The monthly lectures on Wednesday afternoons have proved very successful and so we are planning on continuing them in the autumn. Meantime we have one last lecture in the spring programme, and there will be coffee mornings and other events. If you call in at the Museum regularly you’ll find out what is ‘occurring’.
100 Club – May 2011
134 Athrina White £25
5 Jen Price £10
47 Bernard Jones £5
We could do with some new members – just £1 a month and all the thrill of the monthly draw as well as a boost to Museum funds.
Fund raising May - £308
Get well soon
We send our best wishes for a speedy recovery to Pat Porter and Mary Brown- loyal supporters of the Museum Society.
Wednesday 1st June - ‘Sir Oliver Starkey – The Last English Knight of the Order of Malta’ by Gerwyn Griffiths, 2pm at the Museum
Friday 10th June – Archaeology lecture series
Friday 17th June – Archaeology lecture series
Wednesday 22nd June – Archaeology lecture series
Friday 24th June – Archaeology lecture series
We all make them but I bet there are lots of different recipes – why not send yours in? Here is mine for starters; I have just listed the ingredients, we all know you mix to a firm dough with the egg, roll out, cut individual rounds and cook slowly on a greased bakestone (or in my case, a heavy frying pan).
8oz self raising flour
3oz caster sugar
Half teaspoon mixed spice
1 teaspoon honey
1 medium egg (beaten)
Above man made forest,
Away from scent of fir trees,
the soft needle coated path
changes to a stony surface.
West wind’s forceful gusts
Bend hilltop grasses to form
changing patches of colour,
until reaching purple heather.
A beautiful young woman
mature, vibrant with vitality.
Draws back her anorak hood to
let her hair stream out behind as
the wind stimulates zest for life,
Looking over the town below,
where she was born and grew.
Remembering good people there,
made her childhood happy too.
The wind blows cobwebs from her
mind, liberating, clearing thoughts,
For there are decisions to be made,
Love has died, love has been born.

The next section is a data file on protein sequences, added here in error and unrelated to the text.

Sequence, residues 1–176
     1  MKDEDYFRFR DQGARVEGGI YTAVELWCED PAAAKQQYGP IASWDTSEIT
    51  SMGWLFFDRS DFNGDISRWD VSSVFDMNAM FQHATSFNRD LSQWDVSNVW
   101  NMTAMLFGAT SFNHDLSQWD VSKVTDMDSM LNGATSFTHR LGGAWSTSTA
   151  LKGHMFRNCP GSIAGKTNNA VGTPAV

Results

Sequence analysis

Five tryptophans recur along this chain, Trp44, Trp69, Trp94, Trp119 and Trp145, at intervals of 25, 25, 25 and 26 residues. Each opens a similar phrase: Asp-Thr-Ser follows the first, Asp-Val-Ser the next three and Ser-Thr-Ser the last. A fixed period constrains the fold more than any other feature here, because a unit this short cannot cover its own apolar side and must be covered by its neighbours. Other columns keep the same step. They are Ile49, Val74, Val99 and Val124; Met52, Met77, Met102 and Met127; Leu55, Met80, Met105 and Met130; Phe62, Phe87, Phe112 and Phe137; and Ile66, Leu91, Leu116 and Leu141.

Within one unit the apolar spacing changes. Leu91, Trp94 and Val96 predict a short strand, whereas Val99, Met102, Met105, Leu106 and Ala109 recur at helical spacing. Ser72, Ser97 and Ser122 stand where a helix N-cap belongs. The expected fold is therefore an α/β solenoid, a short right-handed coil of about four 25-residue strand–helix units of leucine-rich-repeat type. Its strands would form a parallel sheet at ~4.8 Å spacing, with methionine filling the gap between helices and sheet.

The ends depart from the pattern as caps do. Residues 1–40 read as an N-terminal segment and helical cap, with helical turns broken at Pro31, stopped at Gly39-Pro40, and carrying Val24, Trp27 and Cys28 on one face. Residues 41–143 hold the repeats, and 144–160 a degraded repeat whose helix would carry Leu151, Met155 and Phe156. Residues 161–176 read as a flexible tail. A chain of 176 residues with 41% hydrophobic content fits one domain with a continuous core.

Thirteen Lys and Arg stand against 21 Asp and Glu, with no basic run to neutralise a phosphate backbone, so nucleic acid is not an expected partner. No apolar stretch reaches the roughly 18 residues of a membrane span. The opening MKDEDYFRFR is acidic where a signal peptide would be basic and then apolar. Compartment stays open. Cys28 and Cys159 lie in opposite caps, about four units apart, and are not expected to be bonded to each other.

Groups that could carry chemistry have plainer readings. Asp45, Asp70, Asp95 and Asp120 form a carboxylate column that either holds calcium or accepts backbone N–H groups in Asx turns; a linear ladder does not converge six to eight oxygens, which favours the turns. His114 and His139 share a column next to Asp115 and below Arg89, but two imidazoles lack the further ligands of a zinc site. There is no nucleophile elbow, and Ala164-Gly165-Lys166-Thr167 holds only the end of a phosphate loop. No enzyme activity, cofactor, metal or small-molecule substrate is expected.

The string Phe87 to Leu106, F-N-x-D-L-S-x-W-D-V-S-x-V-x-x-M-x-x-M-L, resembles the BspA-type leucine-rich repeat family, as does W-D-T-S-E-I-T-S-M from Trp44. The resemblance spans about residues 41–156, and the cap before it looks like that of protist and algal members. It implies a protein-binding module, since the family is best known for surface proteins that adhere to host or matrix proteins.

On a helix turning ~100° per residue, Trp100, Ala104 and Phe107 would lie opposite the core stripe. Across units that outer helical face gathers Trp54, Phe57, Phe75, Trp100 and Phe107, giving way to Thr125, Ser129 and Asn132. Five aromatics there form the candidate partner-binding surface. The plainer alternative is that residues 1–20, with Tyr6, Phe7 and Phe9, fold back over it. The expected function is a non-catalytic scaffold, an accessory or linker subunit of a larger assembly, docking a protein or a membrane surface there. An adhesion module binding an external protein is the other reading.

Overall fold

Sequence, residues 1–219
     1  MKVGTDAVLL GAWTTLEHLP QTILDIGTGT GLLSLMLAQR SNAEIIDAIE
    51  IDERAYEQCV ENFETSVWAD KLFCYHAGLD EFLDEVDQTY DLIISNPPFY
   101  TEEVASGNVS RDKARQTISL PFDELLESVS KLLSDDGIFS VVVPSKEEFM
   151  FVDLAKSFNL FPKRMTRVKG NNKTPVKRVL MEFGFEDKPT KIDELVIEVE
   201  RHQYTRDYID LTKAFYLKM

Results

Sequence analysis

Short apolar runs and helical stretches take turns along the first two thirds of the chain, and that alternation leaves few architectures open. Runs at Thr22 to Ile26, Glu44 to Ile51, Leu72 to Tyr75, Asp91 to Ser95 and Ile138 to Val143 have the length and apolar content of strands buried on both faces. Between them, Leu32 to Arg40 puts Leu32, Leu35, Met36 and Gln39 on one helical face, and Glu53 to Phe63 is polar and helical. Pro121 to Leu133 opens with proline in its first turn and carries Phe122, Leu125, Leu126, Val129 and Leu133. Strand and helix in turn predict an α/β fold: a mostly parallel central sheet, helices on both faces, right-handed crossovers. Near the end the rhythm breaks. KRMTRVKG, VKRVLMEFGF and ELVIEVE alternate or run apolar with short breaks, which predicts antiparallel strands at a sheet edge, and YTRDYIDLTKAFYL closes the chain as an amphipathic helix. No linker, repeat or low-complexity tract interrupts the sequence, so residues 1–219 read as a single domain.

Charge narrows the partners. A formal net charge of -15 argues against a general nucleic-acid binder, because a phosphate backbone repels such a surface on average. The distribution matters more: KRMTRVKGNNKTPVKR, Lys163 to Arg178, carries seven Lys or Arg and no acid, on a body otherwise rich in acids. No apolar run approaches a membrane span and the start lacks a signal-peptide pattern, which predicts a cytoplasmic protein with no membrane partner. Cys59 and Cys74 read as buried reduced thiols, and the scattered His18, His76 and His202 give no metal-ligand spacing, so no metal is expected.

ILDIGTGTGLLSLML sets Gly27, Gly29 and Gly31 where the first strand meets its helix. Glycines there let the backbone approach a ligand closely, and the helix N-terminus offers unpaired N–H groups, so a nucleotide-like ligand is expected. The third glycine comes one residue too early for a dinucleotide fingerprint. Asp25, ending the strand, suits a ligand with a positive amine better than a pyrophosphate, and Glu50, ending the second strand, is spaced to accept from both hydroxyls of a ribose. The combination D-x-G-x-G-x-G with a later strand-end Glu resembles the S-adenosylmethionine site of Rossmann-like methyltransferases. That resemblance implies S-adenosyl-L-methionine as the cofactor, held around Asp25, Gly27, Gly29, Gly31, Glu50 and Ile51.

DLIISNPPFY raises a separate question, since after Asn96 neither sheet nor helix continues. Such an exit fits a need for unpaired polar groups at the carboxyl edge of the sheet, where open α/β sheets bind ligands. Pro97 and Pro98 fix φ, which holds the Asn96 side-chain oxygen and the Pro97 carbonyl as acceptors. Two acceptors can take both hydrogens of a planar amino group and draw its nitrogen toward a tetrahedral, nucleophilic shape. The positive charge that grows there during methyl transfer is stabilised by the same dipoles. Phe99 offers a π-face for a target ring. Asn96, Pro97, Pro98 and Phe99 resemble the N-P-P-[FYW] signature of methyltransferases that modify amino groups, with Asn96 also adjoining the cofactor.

so future paths must be defined,
Here is the place to be alone,
where uninterrupted trains
of thought can flow and bring
clarity to any cluttered mind.
Then that wind blows on to other
hilltops, always fresh and bracing,
cleaning, removing, polluted air,
Heralding yet another tomorrow.
Gordon Rowlands, May 2009
When I went on the internet to look up the derivation of this word as referring to a person (not a sandwich), it suggested that this colloquial term dates back at least to 1802 to mean companion, and the form of an older dialect term meaning workmate, associated with coalmining. It also suggested it might be derived from the 16th century term ‘booty fellow’ – a partner with whom loot is shared. Any other ideas?
A Note on ‘Secret Army’
The short article ‘Secret War’ in the May Newsletter reminded me that some years ago I saw a Welsh television documentary which described the set up and activities of an organisation in Monmouthshire during World War 11. It revealed that a person called Alan Hollingdale was given the task of forming secret sabotage groups within the County and showed his underground base in the forest of Wentwood, north east of Newport. This consisted of a series of chambers constructed beneath the forest floor and entered by a hidden trapdoor. It was for the storage of explosives and small arms and probably included radio equipment.
Alan Hollingdale was well known in the Scout movement as the County Training Commissioner whose role was to organise training courses for Scout leaders. He was an assistant to the Scout County Commissioner who at that time was Lord Raglan so he had a connection with the establishment. It seems clear that he would have initially approached individuals in the Scout movement but no doubt others would have been recruited as well.
Following Hitler’s attack on Russia on 22nd June 1941 the threat of an invasion of Britain rapidly receded and in 1944 the Auxiliary Organisation was disbanded. Following the disbandment a scout leader colleague in Abertillery, Edward (Ted) Meredith revealed to me that he had been recruited by Alan Hollingdale for this purpose and had attended training courses on the use of explosives and firearms. Ted at that time was a colliery deputy and his experience with mining explosives was considered to be an advantage for the type of sabotage under consideration. None of this was of course put into practice and Ted Meredith later became a local Magistrate and a Vice President of the Museum Society until his death in 2008.
Laurence Hale 5th May 2011
Our thanks to Laurence Hale for this glimpse of local history. Does anyone else know about the local activities of the Auxiliary Organisation?